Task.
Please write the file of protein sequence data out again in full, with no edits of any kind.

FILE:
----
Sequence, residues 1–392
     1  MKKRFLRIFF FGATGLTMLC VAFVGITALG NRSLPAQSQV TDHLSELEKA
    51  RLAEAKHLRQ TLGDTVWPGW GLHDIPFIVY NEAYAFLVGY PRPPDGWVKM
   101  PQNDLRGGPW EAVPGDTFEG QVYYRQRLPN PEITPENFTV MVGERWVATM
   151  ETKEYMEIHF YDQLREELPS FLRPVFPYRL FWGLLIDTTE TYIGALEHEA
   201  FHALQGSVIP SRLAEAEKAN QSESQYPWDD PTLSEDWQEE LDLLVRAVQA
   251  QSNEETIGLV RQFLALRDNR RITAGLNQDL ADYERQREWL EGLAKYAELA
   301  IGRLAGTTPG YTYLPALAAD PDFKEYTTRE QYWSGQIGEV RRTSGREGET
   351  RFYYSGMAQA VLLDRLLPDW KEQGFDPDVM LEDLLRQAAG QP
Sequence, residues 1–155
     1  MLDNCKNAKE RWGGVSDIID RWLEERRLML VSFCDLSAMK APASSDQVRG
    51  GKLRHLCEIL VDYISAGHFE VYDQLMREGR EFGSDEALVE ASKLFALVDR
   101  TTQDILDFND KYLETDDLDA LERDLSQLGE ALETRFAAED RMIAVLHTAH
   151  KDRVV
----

Sequence, residues 1–392
     1  MKKRFLRIFF FGATGLTMLC VAFVGITALG NRSLPAQSQV TDHLSELEKA
    51  RLAEAKHLRQ TLGDTVWPGW GLHDIPFIVY NEAYAFLVGY PRPPDGWVKM
   101  PQNDLRGGPW EAVPGDTFEG QVYYRQRLPN PEITPENFTV MVGERWVATM
   151  ETKEYMEIHF YDQLREELPS FLRPVFPYRL FWGLLIDTTE TYIGALEHEA
   201  FHALQGSVIP SRLAEAEKAN QSESQYPWDD PTLSEDWQEE LDLLVRAVQA
   251  QSNEETIGLV RQFLALRDNR RITAGLNQDL ADYERQREWL EGLAKYAELA
   301  IGRLAGTTPG YTYLPALAAD PDFKEYTTRE QYWSGQIGEV RRTSGREGET
   351  RFYYSGMAQA VLLDRLLPDW KEQGFDPDVM LEDLLRQAAG QP
Sequence, residues 1–155
     1  MLDNCKNAKE RWGGVSDIID RWLEERRLML VSFCDLSAMK APASSDQVRG
    51  GKLRHLCEIL VDYISAGHFE VYDQLMREGR EFGSDEALVE ASKLFALVDR
   101  TTQDILDFND KYLETDDLDA LERDLSQLGE ALETRFAAED RMIAVLHTAH
   151  KDRVV